It’s probably not just your annoying neighbors keeping you up at night, a new study shows. According to a recent study conducted by researchers at Northwestern Medicine and Rush University Medical Center, to be published in the journal Sleep Science and Practice, there’s actually a pretty glaring connection between having a sense of purpose in your life and getting a good night’s sleep.
• It’s not all in your imagination: The price of avocados is the highest its been in 19 years due to a serious increase in demand (Mexican shipments to the U.S. have spiked from 24 million pounds of avocados in 2000 to 1.76 BILLION pounds in 2015) and a decrease in crop. And analyst Roland Fumasi says the prices will probably stay eleveated through summer. Womp, womp. [Bloomberg]
Mondays are hard. Which is why I was maybe a little too excited (like audibly-shrieking-in-my-office excited) when I got an email this afternoon saying that Wanderlust 108 — that’s the “mindful triathlon” that pairs an noncompetitive 5K with a giant outdoor yoga session, complete with a DJ, then ends with guided meditation for all — had announced its 2017 date for Philly.
We feel you: It can be hard to feel like you have room for meditation in your life — another thing to do?! — when you’re just so busy with life as it is. That’s why we reached out to Daphne Lyon, a meditation teacher and 500-hour registered yoga teacher at Amrita Yoga and Wellness who also surfs and teaches paddleboard yoga with Aqua Vida SUP. In case you couldn’t tell, she’s a busy gal who can relate to the daily grind.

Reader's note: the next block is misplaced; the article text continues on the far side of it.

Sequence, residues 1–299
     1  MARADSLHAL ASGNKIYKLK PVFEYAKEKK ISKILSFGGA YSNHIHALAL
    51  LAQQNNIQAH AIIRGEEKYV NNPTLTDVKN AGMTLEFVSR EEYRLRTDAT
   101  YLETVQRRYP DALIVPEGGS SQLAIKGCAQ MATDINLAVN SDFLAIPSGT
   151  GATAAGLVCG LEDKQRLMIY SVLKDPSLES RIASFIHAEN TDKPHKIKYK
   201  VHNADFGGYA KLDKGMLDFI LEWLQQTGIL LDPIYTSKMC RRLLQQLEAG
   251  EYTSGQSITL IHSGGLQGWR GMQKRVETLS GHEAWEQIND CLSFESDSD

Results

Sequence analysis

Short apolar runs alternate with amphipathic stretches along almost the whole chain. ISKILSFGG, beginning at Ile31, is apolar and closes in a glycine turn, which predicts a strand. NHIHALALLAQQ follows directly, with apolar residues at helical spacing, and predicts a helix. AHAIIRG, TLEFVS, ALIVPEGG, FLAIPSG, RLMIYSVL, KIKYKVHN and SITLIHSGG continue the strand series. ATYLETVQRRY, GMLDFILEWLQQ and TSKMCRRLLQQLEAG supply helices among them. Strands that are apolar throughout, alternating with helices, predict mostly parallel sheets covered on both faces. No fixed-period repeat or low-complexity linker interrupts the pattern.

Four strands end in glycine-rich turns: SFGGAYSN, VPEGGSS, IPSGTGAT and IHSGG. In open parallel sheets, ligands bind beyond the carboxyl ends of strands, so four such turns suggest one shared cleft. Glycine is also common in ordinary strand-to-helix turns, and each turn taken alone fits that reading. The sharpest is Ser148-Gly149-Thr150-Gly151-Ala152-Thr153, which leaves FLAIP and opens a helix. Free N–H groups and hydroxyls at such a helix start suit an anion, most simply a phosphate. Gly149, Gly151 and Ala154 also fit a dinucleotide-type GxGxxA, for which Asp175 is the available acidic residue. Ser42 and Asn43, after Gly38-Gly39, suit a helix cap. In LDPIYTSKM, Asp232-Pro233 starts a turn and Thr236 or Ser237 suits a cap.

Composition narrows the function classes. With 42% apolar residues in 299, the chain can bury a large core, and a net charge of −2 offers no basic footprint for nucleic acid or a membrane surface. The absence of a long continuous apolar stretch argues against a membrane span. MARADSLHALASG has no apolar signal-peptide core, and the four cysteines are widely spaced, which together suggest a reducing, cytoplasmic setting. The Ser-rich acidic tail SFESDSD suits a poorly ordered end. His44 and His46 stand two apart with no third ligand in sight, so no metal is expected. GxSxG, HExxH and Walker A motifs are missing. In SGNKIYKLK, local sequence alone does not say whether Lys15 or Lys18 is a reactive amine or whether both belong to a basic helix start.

“You have probably meditated before when you were on a run, knitting, painting or anytime you felt in the zone, completely focused, present, and in the moment,” Lyon says. “The practice of meditation is just that, but more controlled and with intention. We set the intention that we want to bring our awareness to in the present moment by watching the breath.”
We caught up with her for a Q&A about how to jumpstart your own meditation practice. (For starters, you can try her 3-minute guided meditation, because you KNOW you have three minutes!).Who knows? It could just be life-changing. As she says, “I feel so grateful for the ability to share this powerful practice with the community because the results are always amazing, no matter how big or small, and the practice truly transforms your life.”
• Strava and Runner’s World teamed up to figure out where folks log the most miles in 20 big cities in the US. Any ideas for Philly? Fine, fine, we’ll tell you (though you probably could’ve guessed): The two most popular Philly running spots are — can I get a drumroll? — the Ben Franklin Bridge and the Schuylkill River Trail. [Runner’s World]
I came to the practice of Orgasmic Meditation nine years ago via a circuitous 20-year route of other practices: yoga, seated meditation, bodywork. I haven’t found a more powerful catalyst for really effecting change in my life than OM.
Orgasm, the way I know it, is indirect, unpredictable, expansive, inclusive. It’s a state rather than an event. What the rest of the world calls “orgasm,” we call “climax”: part of orgasm, but far from the whole story. If the climax is the cymbal crash in a symphony, we’re looking at the whole symphony. We learn to up our attention to the more subtle stuff; the low oboe line is just as interesting and relevant.